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Illinois bucks Census trend by having more farm acres

 

 

By STEVE BINDER

Illinois Correspondent

 

BENTON, Ill. — When the USDA released its 2012 Census of Agriculture report earlier this year, they could have used an image of former southern Illinois farmer Eddie Simmons.

Simmons fits the statistical profile of his state to a T, thanks in part to selling his 240-acre tract to buyers who own an adjacent tract in Williamson County. The land he sold two years ago was a tract the 48-year-old grew up on – a farm his grandfather took over before he was born.

"It was just time for me to make a change, and I thought it was probably as good a time as any considering prices and land values," he said. "I have no regrets, and I still have my hands on farming, but in a different way."

Simmons, who obtained his real estate license about 10 years ago, now makes land sales his full-time job. But his story is reflective of what’s happened in agriculture during the past few years, according to the USDA’s latest census.

The average age of principal farm operators continues to rise. Nationally, the average age was 58.3 years. In Illinois, the average age was 59.2, so Simmons’ departure helped bump Illinois’ age statistic.

His former tract also became part of a larger farm – another growing trend. The total number of farms between the USDA’s census from 2007 to 2012 dropped a bit in Illinois, from 76,860 to 75,087.

That mirrors the national trend, with farm totals dropping from 2,204,792 in 2007 to 2,109,303 in 2012.

Where Illinois bucks the national trend is in total amount of farm acres. Within the five-year period between the two censuses, Illinois gained 162,621 acres of farmland, for a 2012 total of about 26.9 million acres.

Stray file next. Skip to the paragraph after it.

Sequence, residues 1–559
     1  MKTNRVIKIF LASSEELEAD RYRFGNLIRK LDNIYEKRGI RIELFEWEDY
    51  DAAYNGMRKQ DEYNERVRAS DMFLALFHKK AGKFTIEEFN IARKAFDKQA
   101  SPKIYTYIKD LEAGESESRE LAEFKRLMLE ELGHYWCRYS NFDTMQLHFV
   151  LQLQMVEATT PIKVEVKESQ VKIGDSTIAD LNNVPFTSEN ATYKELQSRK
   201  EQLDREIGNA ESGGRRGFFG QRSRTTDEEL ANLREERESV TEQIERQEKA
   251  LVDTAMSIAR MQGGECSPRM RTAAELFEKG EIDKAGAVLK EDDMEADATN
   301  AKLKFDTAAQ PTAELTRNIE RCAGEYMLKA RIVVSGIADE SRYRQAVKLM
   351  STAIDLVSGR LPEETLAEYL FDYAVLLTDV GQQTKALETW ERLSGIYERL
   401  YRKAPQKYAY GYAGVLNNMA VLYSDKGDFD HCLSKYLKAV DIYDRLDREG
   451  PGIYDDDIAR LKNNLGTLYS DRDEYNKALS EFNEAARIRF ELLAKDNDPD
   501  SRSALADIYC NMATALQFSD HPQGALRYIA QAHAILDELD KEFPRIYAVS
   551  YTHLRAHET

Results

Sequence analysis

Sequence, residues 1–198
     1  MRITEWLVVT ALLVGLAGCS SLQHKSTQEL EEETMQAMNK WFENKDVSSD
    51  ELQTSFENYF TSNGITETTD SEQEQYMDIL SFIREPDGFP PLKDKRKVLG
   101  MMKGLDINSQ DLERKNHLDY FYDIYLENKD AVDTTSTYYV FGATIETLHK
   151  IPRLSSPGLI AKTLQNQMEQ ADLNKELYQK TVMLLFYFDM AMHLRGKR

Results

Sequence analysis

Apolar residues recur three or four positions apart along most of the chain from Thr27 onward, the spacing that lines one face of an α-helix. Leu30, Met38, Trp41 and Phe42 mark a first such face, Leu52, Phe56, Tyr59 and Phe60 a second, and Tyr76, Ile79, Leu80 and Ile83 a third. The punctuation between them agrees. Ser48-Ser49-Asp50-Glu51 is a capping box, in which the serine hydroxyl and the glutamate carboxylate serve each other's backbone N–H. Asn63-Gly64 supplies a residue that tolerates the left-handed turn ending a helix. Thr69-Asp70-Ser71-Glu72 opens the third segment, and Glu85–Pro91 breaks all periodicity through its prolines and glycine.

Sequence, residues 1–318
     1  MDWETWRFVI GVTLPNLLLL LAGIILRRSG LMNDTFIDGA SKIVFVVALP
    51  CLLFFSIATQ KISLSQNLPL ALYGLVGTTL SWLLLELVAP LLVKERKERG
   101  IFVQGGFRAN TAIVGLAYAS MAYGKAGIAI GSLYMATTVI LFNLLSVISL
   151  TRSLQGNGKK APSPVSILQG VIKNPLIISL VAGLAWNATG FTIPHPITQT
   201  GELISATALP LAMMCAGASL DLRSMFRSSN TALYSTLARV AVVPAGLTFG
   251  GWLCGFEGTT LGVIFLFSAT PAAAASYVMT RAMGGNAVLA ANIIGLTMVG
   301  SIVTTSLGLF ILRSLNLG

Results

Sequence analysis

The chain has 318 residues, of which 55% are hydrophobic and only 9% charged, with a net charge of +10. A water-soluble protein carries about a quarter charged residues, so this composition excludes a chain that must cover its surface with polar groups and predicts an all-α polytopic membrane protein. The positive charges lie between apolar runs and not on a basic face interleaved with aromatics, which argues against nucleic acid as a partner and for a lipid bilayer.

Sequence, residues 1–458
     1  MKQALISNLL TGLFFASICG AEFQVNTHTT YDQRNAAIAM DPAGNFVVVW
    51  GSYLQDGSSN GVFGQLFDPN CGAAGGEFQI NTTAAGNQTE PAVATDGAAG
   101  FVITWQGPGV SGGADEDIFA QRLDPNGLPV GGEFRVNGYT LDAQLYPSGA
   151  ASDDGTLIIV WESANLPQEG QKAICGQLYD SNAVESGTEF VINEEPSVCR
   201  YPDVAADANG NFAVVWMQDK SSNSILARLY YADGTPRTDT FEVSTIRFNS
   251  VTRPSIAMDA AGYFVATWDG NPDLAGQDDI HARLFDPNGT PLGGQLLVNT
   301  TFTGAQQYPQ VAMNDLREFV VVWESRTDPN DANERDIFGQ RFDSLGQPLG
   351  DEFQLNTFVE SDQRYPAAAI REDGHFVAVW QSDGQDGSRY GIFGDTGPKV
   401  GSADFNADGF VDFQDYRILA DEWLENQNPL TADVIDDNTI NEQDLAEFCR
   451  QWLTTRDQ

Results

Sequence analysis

In all other Corn Belt states – with the exception of Ohio, whose farmland acreage stayed about the same – the number of farmland acres dropped by a large margin.

Nationally, acreage went from 922 million in 2007 to about 915 million in 2012. But that decrease was the slightest drop in acreage between census counts since 1950.

One of the key reasons for the lower rate of decrease – and increases in other states – is commodity prices, said Todd Kuethe, an assistant professor of land economics at the University of Illinois.

"The margins we’ve seen in row crop production are enough that folks understand the ground needs to stay active," he said. He noted farmland acres were gained throughout Illinois, not just in one part of the state that stretches from Lake Michigan down to where the Ohio and Mississippi rivers meet.

The entire census report, with breakdowns by state, can be accessed online at www.agcensus.usda.gov

7/17/2014